Two COVID-19 vaccines have prompted an antibody response in human study participants, an encouraging sign as clinical trials move forward, say observers.
Medical journal The Lancet on Monday published early results for the two candidates. One, a vaccine from AstraZeneca and the University of Oxford, triggered “strong” immune responses in a 1,000-participant study, according to the researchers. It also was determined to be safe, producing mild-to-moderate side effects in 60% of participants. Phase 3 trials are currently underway.
Likewise, a COVID-19 vaccine by Chinese drugmaker CanSino Biologics produced antibody responses without unsafe side effects in a phase 2 trial.
The two vaccines use a harmless cold virus to carry genetic material from the novel coronavirus into the body, aiming to induce an immune response, according to Reuters.
“Overall, the results of both trials are broadly similar and promising,” wrote vaccine experts Naor Bar-Zeev, Ph.D., and William Moss, M.D., from Johns Hopkins Bloomberg School of Public Health, in a commentary accompanying the studies.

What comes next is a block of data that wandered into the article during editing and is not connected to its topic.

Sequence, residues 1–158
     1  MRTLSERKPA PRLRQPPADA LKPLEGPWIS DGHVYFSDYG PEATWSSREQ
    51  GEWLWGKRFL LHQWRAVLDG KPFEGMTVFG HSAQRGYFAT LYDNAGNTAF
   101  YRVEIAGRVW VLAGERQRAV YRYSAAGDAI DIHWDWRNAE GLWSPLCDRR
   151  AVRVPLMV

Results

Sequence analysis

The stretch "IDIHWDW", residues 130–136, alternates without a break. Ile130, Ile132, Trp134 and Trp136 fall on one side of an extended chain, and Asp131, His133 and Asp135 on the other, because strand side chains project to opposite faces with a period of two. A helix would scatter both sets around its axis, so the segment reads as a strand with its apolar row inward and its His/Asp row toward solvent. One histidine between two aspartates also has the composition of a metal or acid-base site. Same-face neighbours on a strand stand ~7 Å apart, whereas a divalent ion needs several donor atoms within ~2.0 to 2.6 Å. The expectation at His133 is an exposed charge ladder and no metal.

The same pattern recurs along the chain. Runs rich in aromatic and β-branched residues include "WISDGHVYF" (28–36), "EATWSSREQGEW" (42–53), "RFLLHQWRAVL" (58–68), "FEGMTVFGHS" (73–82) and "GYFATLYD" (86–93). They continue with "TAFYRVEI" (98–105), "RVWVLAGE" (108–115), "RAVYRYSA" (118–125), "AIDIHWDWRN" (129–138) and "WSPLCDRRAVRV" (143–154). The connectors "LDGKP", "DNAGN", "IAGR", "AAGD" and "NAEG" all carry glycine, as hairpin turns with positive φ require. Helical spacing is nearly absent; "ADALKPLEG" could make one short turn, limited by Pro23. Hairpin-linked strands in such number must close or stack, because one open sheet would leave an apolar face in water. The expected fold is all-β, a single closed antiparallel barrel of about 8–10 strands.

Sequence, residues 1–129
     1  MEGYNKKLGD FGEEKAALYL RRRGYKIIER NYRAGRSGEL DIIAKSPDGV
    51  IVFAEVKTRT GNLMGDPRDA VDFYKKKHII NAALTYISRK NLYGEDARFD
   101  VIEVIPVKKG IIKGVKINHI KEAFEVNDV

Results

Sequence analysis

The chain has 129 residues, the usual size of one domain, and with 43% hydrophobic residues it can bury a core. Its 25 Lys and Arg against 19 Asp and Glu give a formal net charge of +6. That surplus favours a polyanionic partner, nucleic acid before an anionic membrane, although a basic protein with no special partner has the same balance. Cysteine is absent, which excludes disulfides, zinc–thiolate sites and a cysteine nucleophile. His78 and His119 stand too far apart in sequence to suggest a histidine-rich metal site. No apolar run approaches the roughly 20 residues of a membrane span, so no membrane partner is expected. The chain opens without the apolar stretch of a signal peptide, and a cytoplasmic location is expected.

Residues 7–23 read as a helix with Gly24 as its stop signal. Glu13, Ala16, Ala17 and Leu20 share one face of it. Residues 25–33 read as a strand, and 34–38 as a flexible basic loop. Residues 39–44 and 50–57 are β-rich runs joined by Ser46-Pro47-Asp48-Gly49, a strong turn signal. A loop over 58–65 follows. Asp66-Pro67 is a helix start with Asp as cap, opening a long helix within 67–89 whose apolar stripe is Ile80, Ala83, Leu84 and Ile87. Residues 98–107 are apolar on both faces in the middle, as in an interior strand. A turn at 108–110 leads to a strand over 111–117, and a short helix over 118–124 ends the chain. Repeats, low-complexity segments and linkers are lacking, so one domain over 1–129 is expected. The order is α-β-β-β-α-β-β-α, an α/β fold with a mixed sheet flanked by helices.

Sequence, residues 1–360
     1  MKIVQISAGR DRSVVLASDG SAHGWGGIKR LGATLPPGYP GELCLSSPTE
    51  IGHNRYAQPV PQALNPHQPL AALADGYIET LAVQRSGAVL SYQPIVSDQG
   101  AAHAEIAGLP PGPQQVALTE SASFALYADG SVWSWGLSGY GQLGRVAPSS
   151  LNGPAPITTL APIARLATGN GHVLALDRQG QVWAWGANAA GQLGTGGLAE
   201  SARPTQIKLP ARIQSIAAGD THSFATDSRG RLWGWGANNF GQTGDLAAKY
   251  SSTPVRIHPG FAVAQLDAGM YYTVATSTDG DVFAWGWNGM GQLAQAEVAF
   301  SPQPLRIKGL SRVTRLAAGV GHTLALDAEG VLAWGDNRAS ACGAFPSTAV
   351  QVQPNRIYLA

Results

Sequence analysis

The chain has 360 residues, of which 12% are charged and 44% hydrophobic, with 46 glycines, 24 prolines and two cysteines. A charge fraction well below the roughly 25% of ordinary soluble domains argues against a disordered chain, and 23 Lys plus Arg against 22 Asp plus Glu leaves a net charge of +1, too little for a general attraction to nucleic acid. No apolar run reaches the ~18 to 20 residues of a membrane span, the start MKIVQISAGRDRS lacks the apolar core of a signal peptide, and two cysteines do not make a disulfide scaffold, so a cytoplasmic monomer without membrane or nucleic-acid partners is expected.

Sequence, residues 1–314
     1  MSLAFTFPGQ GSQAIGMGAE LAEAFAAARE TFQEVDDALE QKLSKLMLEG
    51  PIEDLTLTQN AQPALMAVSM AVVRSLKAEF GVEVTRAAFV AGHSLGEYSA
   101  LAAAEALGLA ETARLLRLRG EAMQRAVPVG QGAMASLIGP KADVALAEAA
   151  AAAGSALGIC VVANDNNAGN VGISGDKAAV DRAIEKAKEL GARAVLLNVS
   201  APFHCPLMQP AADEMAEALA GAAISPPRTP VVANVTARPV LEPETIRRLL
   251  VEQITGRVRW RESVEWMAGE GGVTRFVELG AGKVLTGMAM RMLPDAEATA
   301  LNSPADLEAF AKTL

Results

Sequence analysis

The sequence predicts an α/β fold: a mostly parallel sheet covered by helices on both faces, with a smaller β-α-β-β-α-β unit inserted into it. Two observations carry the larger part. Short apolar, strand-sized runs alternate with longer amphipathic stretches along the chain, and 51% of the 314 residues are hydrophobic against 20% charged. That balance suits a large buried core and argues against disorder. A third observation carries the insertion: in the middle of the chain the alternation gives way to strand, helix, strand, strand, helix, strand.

Meanwhile, Moderna and the National Institute of Allergy and Infectious Disease last week announced news of similarly promising vaccine trial results, and German firm BioNTech and vaccine development partner Pfizer have said they are confident their vaccines will be ready for federal approval by the end of this year. Pfizer had announced in May that the two companies already were scaling up production potential with an aim to rapidly make and distribute doses globally.